Without Commutes, People Are Spending More Time Working
US Workers Spending 22 Million Extra Hours on Primary Jobs Each Day
Recent data shows that between mid-March and mid-September, people in the US spent 60 million fewer hours commuting to and from their workplaces each day. When the pandemic first set in and many people began working from home, many had plans to pick up new hobbies, read more, or exercise more during the time when they used to commute.
It turns out that the majority of that extra time in the day has been spent on work. People’s primary jobs have taken up about 35.3% of the time that they used to spend commuting. This is equal to more than 22 million hours each workday.
Childcare and Housework Also Take Up Extra Time
In addition to spending more time on primary jobs, people also devoted more time to responsibilities at home. People cooked more because of restaurant restrictions and spent more time on childcare because of school and daycare closures. 15.5% of people’s extra time was spent on home improvement and chores. 11.1% of extra time went to child care and 8.4% was devoted to second jobs.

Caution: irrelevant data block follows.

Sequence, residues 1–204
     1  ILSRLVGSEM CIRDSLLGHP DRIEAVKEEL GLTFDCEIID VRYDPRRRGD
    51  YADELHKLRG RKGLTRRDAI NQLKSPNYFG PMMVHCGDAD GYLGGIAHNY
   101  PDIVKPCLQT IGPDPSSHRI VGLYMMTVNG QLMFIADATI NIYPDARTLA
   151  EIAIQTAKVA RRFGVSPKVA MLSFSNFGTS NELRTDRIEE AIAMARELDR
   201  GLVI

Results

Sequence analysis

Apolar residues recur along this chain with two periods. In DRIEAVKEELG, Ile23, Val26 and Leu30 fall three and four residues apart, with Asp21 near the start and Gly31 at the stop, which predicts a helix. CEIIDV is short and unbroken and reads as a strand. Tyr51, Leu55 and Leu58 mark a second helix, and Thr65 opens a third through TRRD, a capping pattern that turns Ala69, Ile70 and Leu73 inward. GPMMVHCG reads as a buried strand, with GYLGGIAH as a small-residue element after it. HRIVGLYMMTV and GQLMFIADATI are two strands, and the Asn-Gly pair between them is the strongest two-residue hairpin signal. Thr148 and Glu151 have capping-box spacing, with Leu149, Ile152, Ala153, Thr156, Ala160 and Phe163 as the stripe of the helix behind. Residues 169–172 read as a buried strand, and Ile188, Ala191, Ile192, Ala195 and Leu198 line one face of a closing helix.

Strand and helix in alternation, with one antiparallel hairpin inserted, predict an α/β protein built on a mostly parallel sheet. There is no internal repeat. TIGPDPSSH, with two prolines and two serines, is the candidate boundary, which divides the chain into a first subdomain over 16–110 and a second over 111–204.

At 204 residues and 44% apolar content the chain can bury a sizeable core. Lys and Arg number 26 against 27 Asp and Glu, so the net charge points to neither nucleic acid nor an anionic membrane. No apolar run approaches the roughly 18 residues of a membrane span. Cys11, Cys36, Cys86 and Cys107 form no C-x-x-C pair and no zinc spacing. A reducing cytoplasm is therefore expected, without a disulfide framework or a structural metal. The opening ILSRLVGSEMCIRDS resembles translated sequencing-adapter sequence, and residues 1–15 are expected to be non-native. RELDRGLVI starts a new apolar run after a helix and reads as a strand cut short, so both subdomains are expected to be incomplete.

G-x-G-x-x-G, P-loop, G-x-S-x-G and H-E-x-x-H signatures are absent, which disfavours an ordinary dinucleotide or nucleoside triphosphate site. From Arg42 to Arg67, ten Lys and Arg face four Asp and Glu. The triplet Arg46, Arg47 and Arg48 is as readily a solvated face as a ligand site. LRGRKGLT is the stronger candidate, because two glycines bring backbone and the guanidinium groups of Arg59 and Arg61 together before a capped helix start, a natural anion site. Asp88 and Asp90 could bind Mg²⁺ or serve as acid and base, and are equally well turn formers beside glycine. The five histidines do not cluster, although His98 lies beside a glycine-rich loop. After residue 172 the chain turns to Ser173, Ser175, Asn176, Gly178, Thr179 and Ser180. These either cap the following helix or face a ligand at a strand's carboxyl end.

Altogether, about 70.3% of time that people used to spend commuting has been taken up with various forms of work. The remaining 30% was spent on consuming media, exercising, and other leisure activities.
The recent study of newly formed habits, which was published by the Becker Friedman Institute for Economics at the University of Chicago, calculated these statistics using data from the Census Bureau. This data showed that 147.2 million Americans work for pay. Before the pandemic, on average these people spent 54 minutes each day traveling to and from work. The researchers also conducted a survey of 10,000 American workers aged 20 to 64 making at least $20,000 per year and found that just over half of them were working from home during the pandemic.
A number of large companies have let their employees know that they will be working remotely until 2021 and beyond. Though the future of the workplace remains uncertain, some companies may implement remote work options even after the pandemic because of these types of studies showing that people spend more time working when they do not need to commute. On the other hand, for some companies, the pandemic has highlighted the importance of a physical office for productivity, ease of communication, and work-life balance.
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